July 5, 2022

The lives of most adults in America remain different than they were before the pandemic. While not everyone expects to regularly use services accelerated by COVID-19 like curbside pickup, grocery delivery, telehealth, or reduced-capacity “senior hours” once the pandemic ends, many have gained familiarity with them and think it is a good thing that these changes may remain available as options in daily life.

A new study from The Associated Press-NORC Center for Public Affairs Research and The SCAN Foundation finds that just 12% of adults feel that their lives are completely the same today as they were before the pandemic, 54% feel their lives are somewhat the same, and 34% are not yet the same. Fifty-six percent of those whose lives are completely the same think that is a good thing, while 39% of those whose lives are not yet the same feel that is a bad thing.

More than half remain at least somewhat concerned about COVID-19 infection, and even if the perceived importance of wearing a mask has waned for some adults, many think steps like vaccination and effective treatments remain critical to participating fully in public life. To get back to pre-pandemic life, 51% feel it is essential to be vaccinated and 50% consider the availability of effective treatments to be essential. Just 22% feel regular indoor masking is vital.

Despite few reporting that their lives are completely the same, majorities have resumed activities they regularly did before the pandemic. Among those who did each at least monthly pre-pandemic, more than three-quarters expect to socialize with friends or neighbors in person (87%), go out to a bar or restaurant (79%), visit with older relatives in person (79%), travel (79%), and attend in-person religious services (79%) in the next few weeks. About two-thirds also expect to exercise at a gym or studio (65%) and participate in in-person community organizations (64%). Just half, however, expect to use public transportation (50%).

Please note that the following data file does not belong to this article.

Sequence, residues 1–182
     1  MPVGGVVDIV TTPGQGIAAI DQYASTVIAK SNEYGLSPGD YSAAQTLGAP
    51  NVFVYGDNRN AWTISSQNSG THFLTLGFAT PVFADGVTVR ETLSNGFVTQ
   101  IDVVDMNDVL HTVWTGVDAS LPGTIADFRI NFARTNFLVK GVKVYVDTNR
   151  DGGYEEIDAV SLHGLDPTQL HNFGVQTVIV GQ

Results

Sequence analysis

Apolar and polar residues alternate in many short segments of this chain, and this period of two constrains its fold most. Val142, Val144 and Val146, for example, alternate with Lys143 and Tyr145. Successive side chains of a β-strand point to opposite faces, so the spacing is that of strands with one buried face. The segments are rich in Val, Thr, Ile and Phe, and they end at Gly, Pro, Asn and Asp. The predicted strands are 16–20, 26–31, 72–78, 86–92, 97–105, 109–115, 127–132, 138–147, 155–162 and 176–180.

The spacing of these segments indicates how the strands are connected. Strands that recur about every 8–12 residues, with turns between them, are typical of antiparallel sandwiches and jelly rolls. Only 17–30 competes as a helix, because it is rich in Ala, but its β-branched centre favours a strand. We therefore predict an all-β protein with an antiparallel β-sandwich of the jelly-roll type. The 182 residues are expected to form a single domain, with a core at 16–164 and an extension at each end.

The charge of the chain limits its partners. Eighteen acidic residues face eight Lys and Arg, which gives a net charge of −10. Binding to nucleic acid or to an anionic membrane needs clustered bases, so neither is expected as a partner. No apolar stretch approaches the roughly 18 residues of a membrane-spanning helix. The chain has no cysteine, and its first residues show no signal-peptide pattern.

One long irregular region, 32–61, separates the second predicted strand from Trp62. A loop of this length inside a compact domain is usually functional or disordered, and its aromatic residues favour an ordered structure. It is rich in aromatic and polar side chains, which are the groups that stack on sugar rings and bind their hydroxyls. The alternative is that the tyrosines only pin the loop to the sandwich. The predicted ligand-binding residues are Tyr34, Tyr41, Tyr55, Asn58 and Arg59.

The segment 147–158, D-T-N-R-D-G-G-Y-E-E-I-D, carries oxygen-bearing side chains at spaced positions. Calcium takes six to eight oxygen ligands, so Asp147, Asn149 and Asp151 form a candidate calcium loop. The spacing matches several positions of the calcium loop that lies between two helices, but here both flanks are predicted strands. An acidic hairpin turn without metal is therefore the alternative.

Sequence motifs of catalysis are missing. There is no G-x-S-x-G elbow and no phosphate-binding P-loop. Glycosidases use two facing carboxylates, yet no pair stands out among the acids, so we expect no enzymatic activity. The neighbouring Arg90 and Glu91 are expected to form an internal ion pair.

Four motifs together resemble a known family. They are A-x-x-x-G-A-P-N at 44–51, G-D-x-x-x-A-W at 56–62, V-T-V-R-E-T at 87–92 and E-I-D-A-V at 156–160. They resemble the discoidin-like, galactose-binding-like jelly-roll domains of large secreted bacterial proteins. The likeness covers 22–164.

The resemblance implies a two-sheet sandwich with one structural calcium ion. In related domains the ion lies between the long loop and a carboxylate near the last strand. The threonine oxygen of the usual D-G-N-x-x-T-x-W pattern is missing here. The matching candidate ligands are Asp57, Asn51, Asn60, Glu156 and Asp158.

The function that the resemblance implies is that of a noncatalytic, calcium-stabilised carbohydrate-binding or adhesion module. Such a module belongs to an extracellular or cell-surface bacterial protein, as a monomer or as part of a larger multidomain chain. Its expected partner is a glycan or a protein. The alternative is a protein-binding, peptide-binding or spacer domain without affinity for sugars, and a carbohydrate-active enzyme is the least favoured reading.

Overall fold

Groups of people that have been disproportionately impacted by the pandemic express more reservations about returning to public life. In particular, Hispanic adults are more likely than white adults to express concerns about the virus, and they are less likely to be resuming activities like socializing with friends or neighbors in person (77% vs. 92%) or go out to eat at a bar or restaurant (63% vs. 86%). Black and Hispanic adults are both more likely than white adults to think it is essential or important for most people to regularly wear face masks in public indoor spaces (78% and 62%, respectively, vs. 44%) or that most people are regularly tested for COVID-19 (71% and 58%, respectively, vs. 42%) for them to fully return to public life.

Use of services like curbside pickup, working from home, reduced capacity ‘senior hours,’ and telehealth increased for many during the pandemic. And more think it would be a good thing rather than a bad thing if many of these pandemic-related shifts like telehealth options (48% vs. 18%), more remote work (54% vs. 14%), and virtual options for community events (54% vs. 13%) continued after the pandemic ends.